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Chapter 13 Forces in Fluids.

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Presentation on theme: "Chapter 13 Forces in Fluids."— Presentation transcript:

1 Chapter 13 Forces in Fluids

2 13.1 Fluid Pressure Why is a movie theater seat more comfortable than a bicycle seat? Pressure- the result of a force distributed over an area Pressure = Force/area Force is in N, area is in m2, Pressure is in pascals (Pa)

3 Pressure in Fluids Fluid- a substance that assumes the shape of its container A fluid can be a gas or a liquid Water pressure increases as depth increases. The pressure in a fluid at any given depth is constant, and it is exerted equally in all directions. Fluid pressure is determined by the type of fluid and its depth Volume and weight do not affect pressure

4 Air Pressure and the Atmosphere
Earth’s atmospheric pressure is 101 kPa at sea level. Why aren’t you crushed? Air pressure decreases as altitude increases. Ears pop due to unbalanced pressure when pressure changes

5 13.2 Forces and Pressure in Fluids
What would happen to a tennis ball above a hair dryer? Drawing of pressure of filled soda bottle:

6 Pascal’s Principle According to Pascal’s principle, a change in pressure at any point in a fluid is transmitted equally and unchanged in all directions throughout the fluid.

7 Hydraulic System Hydraulics apply Pascal’s principle
A hydraulic system is a device that uses pressurized fluid acting on pistons of different sizes to change a force Input force is applied to the small piston, which pushes against the fluid sealed in the hydraulic system. The pressure produced by the small piston is transmitted through the fluid to the large piston, keeping the pressures the same. In a hydraulic lift system, an increased output force is produced because a constant fluid pressure is exerted on the larger area of the output piston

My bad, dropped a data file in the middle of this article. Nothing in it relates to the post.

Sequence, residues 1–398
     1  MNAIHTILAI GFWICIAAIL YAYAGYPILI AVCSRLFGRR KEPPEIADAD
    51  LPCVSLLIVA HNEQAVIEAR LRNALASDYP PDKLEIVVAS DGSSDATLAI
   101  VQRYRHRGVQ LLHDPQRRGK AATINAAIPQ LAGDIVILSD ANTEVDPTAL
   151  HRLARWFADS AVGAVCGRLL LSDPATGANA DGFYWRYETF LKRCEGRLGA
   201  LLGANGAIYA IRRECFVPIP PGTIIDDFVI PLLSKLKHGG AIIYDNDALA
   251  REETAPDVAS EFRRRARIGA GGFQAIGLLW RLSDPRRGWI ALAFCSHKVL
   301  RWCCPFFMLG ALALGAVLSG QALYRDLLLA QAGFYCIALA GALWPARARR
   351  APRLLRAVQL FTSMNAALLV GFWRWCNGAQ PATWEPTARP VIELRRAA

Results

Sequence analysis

8 Bernoulli’s Principle
Daniel Bernoulli stated that as the speed of a fluid increases, the pressure within the fluid decreases. Pressure of fast-moving air is lower than surrounding air. Birds and airplanes fly by Bernoulli’s principle. The pressure difference between the top and the bottom of the wing creates an upward force known as lift. Spray bottles work because of Bernoulli’s principle.

9 13.3 Buoyancy Buoyancy is the ability of a fluid to exert an upward force on an object placed in it Buoyancy results in the apparent loss of weight of an object in a fluid. When an object is submerged in water, the water exerts an upward force on the object, making it easier to lift. This upward force, which acts in the opposite direction of gravity, is called a buoyant force. Because water pressure increases with depth, the forces pushing up on the bottom of the object are greater than the forces from pressure pushing down on the top of the object.

10 Archimedes’ Principle
According to Archimedes’ Principle, the buoyant force of an object is equal to the weight of the fluid displaced by the object. When an object is submerged, it pushes aside, or displaces, a volume of fluid equal to its own volume.

11 Density and Buoyancy Density = mass/volume
If an object is less dense than the fluid it is in, it will float. If the object is more dense than the fluid it is in, it will sink. When the buoyant force is equal to the weight, an object floats or is suspended. When the buoyant force is less than the weight, the object sinks. Ex. Ships and submarines

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